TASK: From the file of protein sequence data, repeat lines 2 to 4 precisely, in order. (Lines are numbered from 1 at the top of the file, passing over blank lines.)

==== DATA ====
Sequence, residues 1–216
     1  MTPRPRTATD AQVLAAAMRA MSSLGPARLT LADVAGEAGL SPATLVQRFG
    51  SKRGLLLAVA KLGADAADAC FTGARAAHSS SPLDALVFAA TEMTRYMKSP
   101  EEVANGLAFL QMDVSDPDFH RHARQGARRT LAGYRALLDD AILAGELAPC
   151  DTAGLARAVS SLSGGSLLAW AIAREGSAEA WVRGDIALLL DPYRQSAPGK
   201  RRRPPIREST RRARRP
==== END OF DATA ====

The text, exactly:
     1  MTPRPRTATD AQVLAAAMRA MSSLGPARLT LADVAGEAGL SPATLVQRFG
    51  SKRGLLLAVA KLGADAADAC FTGARAAHSS SPLDALVFAA TEMTRYMKSP
   101  EEVANGLAFL QMDVSDPDFH RHARQGARRT LAGYRALLDD AILAGELAPC